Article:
The US company makes chips for games like Call of Duty and Grand Theft Auto, and is diversifying into self-driving cars and virtual realiy
Chipmaker Nvidia Corp reported its fastest quarterly sales growth in nearly five years, powered by strong demand for the company's processors used in gaming computers and in data centres.
Shares of the company, which also forecasts current-quarter revenue above analysts' estimates, were up about 3 per cent at $61.43 in after-hours trading on Thursday, on pace to open at a record high on Friday.
Nvidia has emerged as a dominant player in the high-end PC gaming market, where its chips power graphics for popular video games such as "Grand Theft Auto" and "Call of Duty". The gaming division accounts for more than half of the company's total revenue.
The company is also benefiting from the rising popularity of e-sports, or competitive games played online for big prize money. Nvidia has been diversifying into fields such as self-driving cars, virtual reality and into making processing units for deep learning, a fast-growing field of artificial intelligence that helps computers crunch and make sense of huge amounts of data.
The chipmaker in May unveiled its GeForce GTX 1080 and 1070 graphics processors (GPUs) based on its Pascal technology.
"Strong demand for our new Pascal-generation GPUs and surging interest in deep learning drove record results," Chief Executive Jen-Hsun Huang said in a statement.
Jen-Hsun Huang said on a post-earnings call that he expected deep learning to drive growth in the current quarter as well. Data centres have emerged as a growth engine for the company, notching a near 110 per cent jump in sales in the latest quarter from a year earlier.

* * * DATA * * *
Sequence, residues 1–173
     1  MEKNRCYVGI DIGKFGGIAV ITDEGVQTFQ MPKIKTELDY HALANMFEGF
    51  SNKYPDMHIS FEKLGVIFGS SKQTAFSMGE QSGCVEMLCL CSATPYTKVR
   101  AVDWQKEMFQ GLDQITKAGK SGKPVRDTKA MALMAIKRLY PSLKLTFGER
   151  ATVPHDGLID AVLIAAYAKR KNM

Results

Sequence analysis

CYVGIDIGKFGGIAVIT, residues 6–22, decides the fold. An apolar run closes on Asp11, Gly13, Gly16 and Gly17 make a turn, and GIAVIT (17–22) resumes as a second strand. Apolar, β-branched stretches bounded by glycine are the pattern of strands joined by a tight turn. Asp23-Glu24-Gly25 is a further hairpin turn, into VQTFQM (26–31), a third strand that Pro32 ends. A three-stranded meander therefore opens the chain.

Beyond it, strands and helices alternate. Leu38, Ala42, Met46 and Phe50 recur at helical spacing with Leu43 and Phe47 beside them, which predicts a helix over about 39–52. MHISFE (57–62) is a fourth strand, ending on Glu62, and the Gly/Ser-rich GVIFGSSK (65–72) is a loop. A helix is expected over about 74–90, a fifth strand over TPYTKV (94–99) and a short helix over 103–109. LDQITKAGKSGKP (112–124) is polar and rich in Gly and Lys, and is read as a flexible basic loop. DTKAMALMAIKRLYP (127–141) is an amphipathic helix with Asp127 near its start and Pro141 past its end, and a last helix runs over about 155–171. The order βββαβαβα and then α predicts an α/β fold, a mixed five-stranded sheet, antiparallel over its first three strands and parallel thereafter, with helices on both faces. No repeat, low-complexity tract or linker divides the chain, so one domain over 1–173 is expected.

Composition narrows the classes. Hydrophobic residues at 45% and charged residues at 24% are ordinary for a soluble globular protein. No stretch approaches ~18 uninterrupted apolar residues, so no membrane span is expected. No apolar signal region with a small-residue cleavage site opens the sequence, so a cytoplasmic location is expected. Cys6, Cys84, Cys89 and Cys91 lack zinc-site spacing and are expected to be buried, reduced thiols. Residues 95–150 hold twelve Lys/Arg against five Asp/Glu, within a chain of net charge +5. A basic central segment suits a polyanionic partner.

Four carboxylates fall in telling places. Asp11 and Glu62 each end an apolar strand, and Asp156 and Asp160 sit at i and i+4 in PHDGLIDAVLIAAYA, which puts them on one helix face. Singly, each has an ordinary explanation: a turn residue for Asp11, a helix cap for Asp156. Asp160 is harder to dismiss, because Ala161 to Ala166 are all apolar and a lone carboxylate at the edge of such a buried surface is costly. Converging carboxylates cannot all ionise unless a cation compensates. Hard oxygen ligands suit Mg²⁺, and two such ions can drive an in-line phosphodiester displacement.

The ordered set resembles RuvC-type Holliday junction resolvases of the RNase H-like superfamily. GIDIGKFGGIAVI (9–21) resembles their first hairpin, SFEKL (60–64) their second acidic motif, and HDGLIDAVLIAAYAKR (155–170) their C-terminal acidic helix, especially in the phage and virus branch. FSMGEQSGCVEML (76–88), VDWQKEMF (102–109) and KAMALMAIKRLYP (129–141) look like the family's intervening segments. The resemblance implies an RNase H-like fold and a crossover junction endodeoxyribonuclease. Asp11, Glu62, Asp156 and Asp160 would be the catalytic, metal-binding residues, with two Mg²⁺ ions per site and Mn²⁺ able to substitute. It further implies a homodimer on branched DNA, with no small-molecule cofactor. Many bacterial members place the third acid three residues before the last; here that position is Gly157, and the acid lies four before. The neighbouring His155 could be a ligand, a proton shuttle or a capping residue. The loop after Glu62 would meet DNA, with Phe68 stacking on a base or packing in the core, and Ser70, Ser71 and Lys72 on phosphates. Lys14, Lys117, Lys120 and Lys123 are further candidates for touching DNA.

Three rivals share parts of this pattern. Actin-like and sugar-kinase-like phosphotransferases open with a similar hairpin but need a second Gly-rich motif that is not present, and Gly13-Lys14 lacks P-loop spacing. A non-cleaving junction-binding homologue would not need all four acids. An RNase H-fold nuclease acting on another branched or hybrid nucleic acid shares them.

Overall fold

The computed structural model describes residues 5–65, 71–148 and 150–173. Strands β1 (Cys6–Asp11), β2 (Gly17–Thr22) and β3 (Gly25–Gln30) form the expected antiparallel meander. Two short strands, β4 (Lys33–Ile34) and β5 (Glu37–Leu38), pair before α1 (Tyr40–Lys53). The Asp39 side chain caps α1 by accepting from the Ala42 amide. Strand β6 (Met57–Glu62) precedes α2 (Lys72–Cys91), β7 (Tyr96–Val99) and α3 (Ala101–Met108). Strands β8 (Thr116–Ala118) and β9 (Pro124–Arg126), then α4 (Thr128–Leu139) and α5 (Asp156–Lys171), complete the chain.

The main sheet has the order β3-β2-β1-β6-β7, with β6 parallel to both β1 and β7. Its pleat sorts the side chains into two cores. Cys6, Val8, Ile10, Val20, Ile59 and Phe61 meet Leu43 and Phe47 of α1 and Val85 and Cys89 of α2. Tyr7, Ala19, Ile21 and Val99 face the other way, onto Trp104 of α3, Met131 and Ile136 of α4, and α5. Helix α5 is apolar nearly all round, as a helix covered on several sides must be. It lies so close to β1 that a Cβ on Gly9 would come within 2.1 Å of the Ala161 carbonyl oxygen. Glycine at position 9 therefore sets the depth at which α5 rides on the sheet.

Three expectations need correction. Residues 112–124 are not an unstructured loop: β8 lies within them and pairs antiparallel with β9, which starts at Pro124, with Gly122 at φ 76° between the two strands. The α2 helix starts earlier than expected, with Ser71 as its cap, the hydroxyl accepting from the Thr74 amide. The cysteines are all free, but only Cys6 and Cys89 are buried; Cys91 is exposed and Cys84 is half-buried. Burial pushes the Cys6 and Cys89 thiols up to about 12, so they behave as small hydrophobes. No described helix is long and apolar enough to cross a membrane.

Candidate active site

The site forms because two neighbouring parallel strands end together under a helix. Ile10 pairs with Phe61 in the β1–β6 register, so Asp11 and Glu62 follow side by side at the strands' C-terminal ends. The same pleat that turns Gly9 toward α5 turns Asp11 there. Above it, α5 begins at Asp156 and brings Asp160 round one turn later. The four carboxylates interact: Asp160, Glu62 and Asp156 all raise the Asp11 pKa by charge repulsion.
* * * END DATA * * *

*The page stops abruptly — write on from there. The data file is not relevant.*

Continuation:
Revenue from the company's gaming business, which makes chips that render graphics in video games, rose 18.3 per cent to $781 million in the second quarter ended July 31.
"Nvidia had a great quarter and appear to be hitting on all cylinders," said analyst Patrick Moorhead of Moor Insights & Strategy. Nvidia forecast revenue to increase to $1.68 billion plus or minus two percent in the current quarter. Analysts on average had expected a rise to $1.45 billion, according to Thomson Reuters I/B/E/S.
Revenue rose about 24 per cent to a record $1.43 billion in the three months ended July, topping analysts' average estimate of $1.35 billion. Nvidia's net income soared to $253 million, or 40 cents per share, in the latest quarter from $26 million, or five cents per share, a year earlier.
Analysts on average had expected a profit of 37 cents per share. Up to Thursday's close of $59.70, the company's shares had gained about 81 per cent this year.